Networking TCP/IP routing and workload balancing

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1 System i Networking TCP/IP routing and workload balancing Version 5 Release 4

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3 System i Networking TCP/IP routing and workload balancing Version 5 Release 4

4 Note Before using this information and the product it supports, read the information in Notices, on page 29. Sixth Edition (February 2006) This edition applies to version 5, release 4, modification 0 of IBM i5/os (product number 5722-SS1) and to all subsequent releases and modifications until otherwise indicated in new editions. This version does not run on all reduced instruction set computer (RISC) models nor does it run on CISC models. Copyright International Business Machines Corporation 1998, All rights reserved. US Government Users Restricted Rights Use, duplication or disclosure restricted by GSA ADP Schedule Contract with IBM Corp.

5 Contents TCP/IP routing and workload balancing 1 What s new for V5R Printable PDF TCP/IP routing functions by release Packet processing General routing rules Routing connectivity methods Routing with point-to-point connections....4 Proxy Address Resolution Protocol routing...9 Transparent subnets Dynamic routing Route binding Classless Inter-Domain Routing Routing with virtual IP Fault tolerance Routing with network address translation...15 Masquerade NAT Inbound masquerade NAT processing (response and other) Outbound masquerade NAT processing..17 Dynamic NAT Static NAT Routing with OptiConnect and logical partitions 19 TCP/IP and OptiConnect Routing with virtual OptiConnect and logical partitions TCP/IP workload balancing methods DNS-based load balancing Duplicate route-based load balancing Scenario: Adapter failover using virtual IP and proxy ARP Failover using automatic interface selection...26 Failover using a preferred interface list Related information for TCP/IP routing and workload balancing Appendix. Notices Programming Interface Information Trademarks Terms and conditions Copyright IBM Corp. 1998, 2006 iii

6 iv System i: Networking TCP/IP routing and workload balancing

7 TCP/IP routing and workload balancing You can route and balance the TCP/IP traffic of your system by using its integrated routing capabilities to eliminate the need for an external router. The routing and workload balancing methods, as well as the background information, can help you understand the options available for you to use on your system. Each method is described using a figure so that you can see how the connections are made. These methods do not include instructions on configuring the routing techniques. The focus of this topic collection is on the routing principles and concepts you should know so that your system works better for you. Why these methods are important to you The techniques in these methods might cut down the overall cost of your connections because you can use fewer external routers and servers. Using these routing methods, you can free up IP addresses because you will be managing them in a more effective way. By reading the workload balancing methods, you can get better overall system performance by balancing the communications workload on your system. What s new for V5R4 This topic highlights the changes made to this topic collection for V5R4. Preferred interface list You can manually select which adapters and IP addresses are the preferred interface for virtual Ethernet and virtual IP address (VIPA) Proxy Address Resolution Protocol (ARP) agent selection. You can now create a preferred interface list to select the adapters and IP addresses for the ARP proxy agent. The preferred interface list is configurable for both virtual Ethernet and virtual IP address interfaces. To find more detailed information about this new function, see Scenario: Adapter failover using virtual IP and proxy ARP on page 24. How to see what s new or changed To help you see where technical changes have been made, this information uses: v The image to mark where new or changed information begins. v The image to mark where new or changed information ends. To find other information about what s new or changed this release, see the Memo to users. Printable PDF Use this to view and print a PDF of this information. To view or download the PDF version of this document, select TCP/IP Routing and workload balancing (about 1.40 MB). Saving PDF files To save a PDF on your workstation for viewing or printing: 1. Right-click the PDF in your browser (right-click the link above). 2. Click the option that saves the PDF locally. Copyright IBM Corp. 1998,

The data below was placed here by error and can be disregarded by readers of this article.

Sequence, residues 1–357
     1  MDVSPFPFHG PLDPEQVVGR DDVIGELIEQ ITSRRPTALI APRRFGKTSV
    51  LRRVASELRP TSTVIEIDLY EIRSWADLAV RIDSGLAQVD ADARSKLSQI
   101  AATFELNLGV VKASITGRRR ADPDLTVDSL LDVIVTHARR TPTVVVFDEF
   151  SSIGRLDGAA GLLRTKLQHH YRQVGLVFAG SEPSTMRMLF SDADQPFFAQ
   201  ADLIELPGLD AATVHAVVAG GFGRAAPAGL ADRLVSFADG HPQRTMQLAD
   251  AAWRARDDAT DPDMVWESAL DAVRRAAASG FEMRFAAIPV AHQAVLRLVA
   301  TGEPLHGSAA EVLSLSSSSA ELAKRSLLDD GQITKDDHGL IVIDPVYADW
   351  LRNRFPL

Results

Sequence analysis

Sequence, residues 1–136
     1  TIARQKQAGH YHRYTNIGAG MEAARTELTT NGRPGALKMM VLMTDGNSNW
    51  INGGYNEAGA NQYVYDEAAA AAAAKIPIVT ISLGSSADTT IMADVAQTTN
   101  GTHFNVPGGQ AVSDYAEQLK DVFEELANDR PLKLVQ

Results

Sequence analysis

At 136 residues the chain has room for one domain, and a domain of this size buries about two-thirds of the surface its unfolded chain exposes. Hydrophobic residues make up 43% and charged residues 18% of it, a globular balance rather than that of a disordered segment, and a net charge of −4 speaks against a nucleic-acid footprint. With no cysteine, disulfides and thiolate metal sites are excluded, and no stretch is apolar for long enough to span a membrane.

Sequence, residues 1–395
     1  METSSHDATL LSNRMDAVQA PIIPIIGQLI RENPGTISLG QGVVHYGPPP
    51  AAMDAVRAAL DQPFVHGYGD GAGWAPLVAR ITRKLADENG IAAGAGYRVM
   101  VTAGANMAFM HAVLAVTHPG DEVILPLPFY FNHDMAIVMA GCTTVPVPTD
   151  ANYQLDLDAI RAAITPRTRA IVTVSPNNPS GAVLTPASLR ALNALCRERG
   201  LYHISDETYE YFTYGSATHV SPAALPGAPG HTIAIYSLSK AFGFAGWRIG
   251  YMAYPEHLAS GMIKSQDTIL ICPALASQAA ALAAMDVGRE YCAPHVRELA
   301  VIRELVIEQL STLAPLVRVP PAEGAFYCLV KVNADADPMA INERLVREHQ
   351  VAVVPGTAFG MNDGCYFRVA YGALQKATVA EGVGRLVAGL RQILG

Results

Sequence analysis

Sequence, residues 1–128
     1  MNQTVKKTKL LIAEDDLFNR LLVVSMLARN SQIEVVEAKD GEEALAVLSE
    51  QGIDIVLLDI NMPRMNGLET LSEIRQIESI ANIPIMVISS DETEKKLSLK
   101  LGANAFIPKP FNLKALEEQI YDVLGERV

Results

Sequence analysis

8 3. Navigate to the directory in which you want to save the PDF. 4. Click Save. Downloading Adobe Reader You need Adobe Reader installed on your system to view or print these PDFs. You can download a free copy from the Adobe Web site ( TCP/IP routing functions by release Before you plan to use a routing function, make sure that your system is at the correct release to support the function that you want to perform. V3R1: Static route-based packet forwarding is introduced. V3R7/V3R2: Serial Line Internet Protocol (SLIP), Proxy Address Resolution Protocol (ARP) routing, and unnumbered connection network support. V4R1: Dynamic Routing Information Protocol Version 1 (RIPv1). V4R2: Dynamic Routing Information Protocol Version 2 (RIPv2), transparent subnetting, and duplicated route-based load-balancing. V4R3: Virtual IP addresses, IP address masquerading, network address translation (NAT), and Classless Inter-Domain Routing (CIDR). V4R4: IP over OptiConnect. V5R4: Preferred interface list. Packet processing Having a better understanding of packet processing helps you decide how to implement routing functions. The following simplified flow chart shows the logical process that takes place when the i5/os operating system receives an IP packet (datagram). The actual flow might be different, but the outcome should be the same. The following logic only describes the default packet processing scenarios. If advanced routing techniques are used, packet processing might be slightly different. 2 System i: Networking TCP/IP routing and workload balancing